Scientists testify in Torres Strait climate case

The climate case has moved to Melbourne after hearings on Torres Strait islands and in Cairns.

The climate case has moved to Melbourne after hearings on Torres Strait islands and in Cairns. Photo: AAP

Torres Strait Islander elders are fighting for their lands, culture and existence in the first climate class action brought by Australia’s First Nations people.

With rising sea levels and other effects of climate change threatening their islands and way of life, elders Pabai Pabai and Paul Kabai launched a Federal Court case against the federal government in October 2021.

The elders are arguing the Commonwealth owes a duty of care to Torres Strait Islanders to take reasonable steps to protect them from the harms caused by climate change.

The court held on-country hearings on Badu, Boigu and Saibai islands in June, and Cairns in July and has moved to Melbourne from Wednesday.

Experts have begun giving evidence on the impacts of climate change and sea level rise experienced in the Torres Strait.

Torres Strait Islander witnesses shared cultural and personal stories at the on-country hearings earlier this year, explaining how climate change was impacting the island way of life.

Kabai told AAP that during his lifetime he had already seen the seasons change – and with them opportunities for hunting and fishing.

“We have these big inundations during monsoon season, which mean our water system, the island wells and everything is contaminated by salt,” he said.

He said he has a responsibility to protect his homelands, community and culture from climate change.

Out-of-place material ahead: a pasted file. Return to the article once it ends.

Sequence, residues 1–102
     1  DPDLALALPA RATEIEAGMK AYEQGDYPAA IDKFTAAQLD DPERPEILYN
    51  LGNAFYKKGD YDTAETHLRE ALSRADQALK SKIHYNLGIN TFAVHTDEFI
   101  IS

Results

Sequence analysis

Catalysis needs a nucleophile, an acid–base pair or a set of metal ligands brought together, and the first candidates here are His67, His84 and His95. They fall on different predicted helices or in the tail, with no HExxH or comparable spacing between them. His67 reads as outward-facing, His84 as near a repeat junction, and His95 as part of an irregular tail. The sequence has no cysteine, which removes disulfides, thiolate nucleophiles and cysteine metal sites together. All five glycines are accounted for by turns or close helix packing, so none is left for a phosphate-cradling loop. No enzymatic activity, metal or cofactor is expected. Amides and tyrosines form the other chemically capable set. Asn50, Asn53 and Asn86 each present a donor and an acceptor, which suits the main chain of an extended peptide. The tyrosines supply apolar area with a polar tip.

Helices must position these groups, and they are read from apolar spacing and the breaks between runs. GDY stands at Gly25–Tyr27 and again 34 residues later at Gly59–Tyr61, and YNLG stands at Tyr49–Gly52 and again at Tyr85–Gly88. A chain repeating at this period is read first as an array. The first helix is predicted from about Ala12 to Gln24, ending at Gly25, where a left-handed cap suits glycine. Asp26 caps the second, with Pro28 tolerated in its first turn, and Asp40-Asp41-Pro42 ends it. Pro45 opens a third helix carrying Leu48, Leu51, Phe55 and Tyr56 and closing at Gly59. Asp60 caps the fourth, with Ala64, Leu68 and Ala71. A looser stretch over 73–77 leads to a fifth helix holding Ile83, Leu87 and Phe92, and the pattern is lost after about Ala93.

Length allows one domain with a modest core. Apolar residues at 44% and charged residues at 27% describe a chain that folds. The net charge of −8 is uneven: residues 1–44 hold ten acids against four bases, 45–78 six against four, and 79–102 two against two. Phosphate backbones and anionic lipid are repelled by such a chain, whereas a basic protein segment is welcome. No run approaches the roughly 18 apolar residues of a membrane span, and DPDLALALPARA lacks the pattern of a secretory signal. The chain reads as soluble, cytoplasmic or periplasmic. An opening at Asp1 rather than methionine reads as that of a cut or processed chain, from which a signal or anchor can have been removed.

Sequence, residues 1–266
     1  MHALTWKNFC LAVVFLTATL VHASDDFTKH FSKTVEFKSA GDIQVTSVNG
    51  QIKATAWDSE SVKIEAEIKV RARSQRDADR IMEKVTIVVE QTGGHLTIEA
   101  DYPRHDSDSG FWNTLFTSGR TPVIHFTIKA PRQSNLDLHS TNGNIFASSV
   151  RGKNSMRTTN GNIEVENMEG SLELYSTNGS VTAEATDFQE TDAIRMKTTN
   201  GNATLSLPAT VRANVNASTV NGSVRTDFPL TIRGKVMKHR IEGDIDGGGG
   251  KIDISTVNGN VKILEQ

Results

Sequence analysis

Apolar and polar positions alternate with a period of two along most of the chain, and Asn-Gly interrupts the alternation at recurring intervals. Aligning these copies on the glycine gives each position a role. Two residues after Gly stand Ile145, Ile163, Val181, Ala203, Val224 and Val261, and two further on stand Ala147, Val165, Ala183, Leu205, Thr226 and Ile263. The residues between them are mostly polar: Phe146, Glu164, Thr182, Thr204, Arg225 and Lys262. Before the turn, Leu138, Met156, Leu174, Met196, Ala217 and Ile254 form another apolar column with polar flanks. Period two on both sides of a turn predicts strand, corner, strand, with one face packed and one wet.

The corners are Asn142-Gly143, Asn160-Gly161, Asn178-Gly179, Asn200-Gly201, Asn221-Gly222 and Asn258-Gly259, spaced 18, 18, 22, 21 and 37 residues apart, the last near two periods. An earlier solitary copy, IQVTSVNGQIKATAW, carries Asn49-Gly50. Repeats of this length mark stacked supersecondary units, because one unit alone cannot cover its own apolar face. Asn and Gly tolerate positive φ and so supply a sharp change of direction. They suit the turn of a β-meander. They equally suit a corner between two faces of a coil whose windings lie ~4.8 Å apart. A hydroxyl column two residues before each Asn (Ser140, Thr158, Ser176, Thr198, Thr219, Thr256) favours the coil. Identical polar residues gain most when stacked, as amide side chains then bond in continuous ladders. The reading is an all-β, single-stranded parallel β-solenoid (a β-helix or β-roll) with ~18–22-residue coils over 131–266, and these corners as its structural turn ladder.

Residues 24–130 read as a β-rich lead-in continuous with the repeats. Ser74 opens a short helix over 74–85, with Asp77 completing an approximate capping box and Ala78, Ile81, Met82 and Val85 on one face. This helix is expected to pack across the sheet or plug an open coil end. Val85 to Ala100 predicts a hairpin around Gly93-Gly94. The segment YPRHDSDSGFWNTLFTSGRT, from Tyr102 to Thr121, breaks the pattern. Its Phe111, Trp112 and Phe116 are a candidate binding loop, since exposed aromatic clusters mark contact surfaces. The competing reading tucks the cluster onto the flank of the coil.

“Our message to the Australian government is that we can’t wait any more years for climate action,” Kabai said.

“If all they do is continue to talk and not listen to the scientists, our communities will disappear and we will lose everything.”

Pabai said if the government continues to fail his people, they will be forced to leave their homelands.

“On Boigu, the land is being eroded, our soil is being ruined by salt and the storms are becoming worse,” he said.

“From the land, to the sky, to the seas – we are the people of the culture.

“If we are forced to leave our homelands, we will lose everything, our identity, our culture – everything.”

The court will hear from a range of experts in climate science, health and marine biology.

Boigu and Saibai are flat, low-lying islands, about one and a half metres above sea level, meaning they are particularly vulnerable to rising seas.

Both islands are now frequently flooded by sea water, particularly during king tides, which is already affecting housing, infrastructure, cultural sites and gardens where people grow vegetables.

Further hearings in the case will be held in Cairns in April with a decision anticipated later in 2024.


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